As I write this I am looking wistfully outside as the rain spatters the window creating random river flows down the glass. It seems a long time ago now since Aunty and I visited the Lido Ponty in glorious sunshine earlier in the summer. Outside swimming pools have had had a hard time over the past 30 years or so, and there are not many around anymore. Having grown up within 100m of the sea and sand they didn’t feature a great deal in my childhood, they weren’t needed. But I do have memories of Sunday School trips to Butlins at Pwchelli, or long sunny days at the Lido at Worthing when visiting my Grandmother in Sussex. But they have different memories for Aunty. The Pells Lido in Lewes was a big part of growing up. Back then the pols were unheated, but as kids we were a little hardier than I am now now, and I do like a little luxury now and again. Today the Lido Ponty is heated – hooray!
There used to be many outdoor pools in the South Wales Valleys but they are all closed and derelict now. Until a few years ago it wasn’t any different in Pontypridd. In a corner of Ynysangharad Park there was a derelict spot, a discarded piece of social history left to rot as the original baths faded from their glory days into a despoiled heap of overgrown and discarded buildings. Plants were growing through the changing rooms, and the paint peeled of the walls.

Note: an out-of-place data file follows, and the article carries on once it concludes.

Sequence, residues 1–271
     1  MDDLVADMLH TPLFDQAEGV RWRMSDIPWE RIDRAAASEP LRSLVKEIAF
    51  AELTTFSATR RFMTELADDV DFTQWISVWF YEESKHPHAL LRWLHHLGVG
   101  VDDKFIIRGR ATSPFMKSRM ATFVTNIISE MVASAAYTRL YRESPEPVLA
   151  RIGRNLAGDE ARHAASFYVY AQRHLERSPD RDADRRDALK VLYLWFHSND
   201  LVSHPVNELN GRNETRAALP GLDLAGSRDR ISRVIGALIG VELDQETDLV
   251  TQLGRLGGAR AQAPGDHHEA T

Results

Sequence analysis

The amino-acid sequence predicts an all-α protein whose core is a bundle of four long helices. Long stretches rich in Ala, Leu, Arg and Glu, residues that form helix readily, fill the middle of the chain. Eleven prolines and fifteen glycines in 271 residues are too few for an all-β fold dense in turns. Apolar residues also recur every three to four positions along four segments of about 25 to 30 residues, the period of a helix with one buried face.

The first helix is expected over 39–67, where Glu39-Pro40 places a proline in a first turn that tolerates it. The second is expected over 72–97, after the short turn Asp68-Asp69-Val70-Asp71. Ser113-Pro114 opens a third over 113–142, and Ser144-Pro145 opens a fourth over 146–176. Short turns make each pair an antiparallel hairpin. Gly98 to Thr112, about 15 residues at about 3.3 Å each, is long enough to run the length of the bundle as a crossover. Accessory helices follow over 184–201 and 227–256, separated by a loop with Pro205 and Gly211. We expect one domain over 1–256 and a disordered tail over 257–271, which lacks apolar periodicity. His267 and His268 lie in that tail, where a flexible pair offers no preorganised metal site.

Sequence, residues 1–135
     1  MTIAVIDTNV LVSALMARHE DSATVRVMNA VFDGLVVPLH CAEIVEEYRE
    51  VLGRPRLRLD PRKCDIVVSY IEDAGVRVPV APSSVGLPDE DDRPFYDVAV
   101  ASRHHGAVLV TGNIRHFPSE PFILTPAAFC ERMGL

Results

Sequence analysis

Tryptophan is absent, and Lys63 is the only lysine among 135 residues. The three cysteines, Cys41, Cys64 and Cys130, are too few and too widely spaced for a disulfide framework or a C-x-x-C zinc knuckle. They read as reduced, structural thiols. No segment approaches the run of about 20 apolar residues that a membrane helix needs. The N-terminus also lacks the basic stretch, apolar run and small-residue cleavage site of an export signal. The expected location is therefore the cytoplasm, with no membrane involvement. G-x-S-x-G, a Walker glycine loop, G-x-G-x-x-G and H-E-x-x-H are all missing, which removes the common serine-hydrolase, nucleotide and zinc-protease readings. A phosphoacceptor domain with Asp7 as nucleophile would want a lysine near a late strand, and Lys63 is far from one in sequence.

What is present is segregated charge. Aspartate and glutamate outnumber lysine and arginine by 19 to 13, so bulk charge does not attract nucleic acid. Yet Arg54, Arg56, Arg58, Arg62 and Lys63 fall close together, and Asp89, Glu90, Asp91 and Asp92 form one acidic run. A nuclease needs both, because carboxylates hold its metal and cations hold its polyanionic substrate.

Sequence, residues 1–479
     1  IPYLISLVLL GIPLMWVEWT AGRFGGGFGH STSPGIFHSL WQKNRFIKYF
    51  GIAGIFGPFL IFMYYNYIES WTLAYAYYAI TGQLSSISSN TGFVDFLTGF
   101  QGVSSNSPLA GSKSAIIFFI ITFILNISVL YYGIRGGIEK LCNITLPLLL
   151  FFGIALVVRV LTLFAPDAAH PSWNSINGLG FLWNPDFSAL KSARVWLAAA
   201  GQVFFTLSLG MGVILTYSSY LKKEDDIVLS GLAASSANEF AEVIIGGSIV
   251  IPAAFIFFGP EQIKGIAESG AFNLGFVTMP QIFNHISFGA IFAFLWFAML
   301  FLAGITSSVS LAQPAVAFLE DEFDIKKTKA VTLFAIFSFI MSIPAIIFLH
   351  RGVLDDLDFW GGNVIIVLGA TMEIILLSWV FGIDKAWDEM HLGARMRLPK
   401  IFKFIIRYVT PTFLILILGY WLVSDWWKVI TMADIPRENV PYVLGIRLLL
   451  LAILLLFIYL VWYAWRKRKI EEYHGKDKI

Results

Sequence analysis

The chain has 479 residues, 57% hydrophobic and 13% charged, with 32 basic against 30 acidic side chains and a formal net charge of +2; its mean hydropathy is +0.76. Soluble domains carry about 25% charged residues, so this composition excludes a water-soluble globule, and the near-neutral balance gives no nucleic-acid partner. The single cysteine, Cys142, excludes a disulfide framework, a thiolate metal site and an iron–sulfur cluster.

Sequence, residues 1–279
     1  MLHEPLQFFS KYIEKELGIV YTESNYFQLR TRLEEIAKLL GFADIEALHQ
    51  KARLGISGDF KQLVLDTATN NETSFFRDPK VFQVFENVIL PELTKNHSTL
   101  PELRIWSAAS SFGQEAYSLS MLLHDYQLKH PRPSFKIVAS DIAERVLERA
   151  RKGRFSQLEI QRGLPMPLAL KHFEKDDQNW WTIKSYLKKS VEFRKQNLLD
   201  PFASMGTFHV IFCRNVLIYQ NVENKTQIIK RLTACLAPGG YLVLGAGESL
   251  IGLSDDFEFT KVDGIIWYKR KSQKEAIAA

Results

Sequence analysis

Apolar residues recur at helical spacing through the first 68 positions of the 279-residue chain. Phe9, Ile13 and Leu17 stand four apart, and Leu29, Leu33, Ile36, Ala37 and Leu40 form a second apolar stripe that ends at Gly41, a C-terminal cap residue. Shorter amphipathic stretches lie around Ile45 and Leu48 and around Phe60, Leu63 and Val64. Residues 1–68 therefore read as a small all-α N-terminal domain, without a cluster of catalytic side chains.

Originally opened on the 30th July 1927, the pool brought a touch of the Mediterranean into the coal fields of South Wales, providing a place for kids and families to play and meet. It stayed open until 1991, after which it became derelict. Then after a local campaign it reopened as ‘Lido Ponty’ in 2015 after a £6.3m restoration. It’s now a jewel in Wales’ crown. Boasting 3 heated swimming pools and is open all year round. You really have to go! You can book on line to make sure you can get in, though a percentage of tickets are always available on the day, but it’s first come first serve.
Now for a nugget of trivia. Lido Ponty was where a young Jenny James first found her talent for swimming at the age of seven, going on to forge a career as a swimming coach and a lifeguard, saving more than 100 lives. While working as a lifeguard at the Lido, Jenny also used the venue for her physical training in her early years. She entered the Guinness Book of Records after becoming the first Welsh person to swim the English Channel in a time of 13 hours 55 minutes on August 16, 1951, at the age of 24.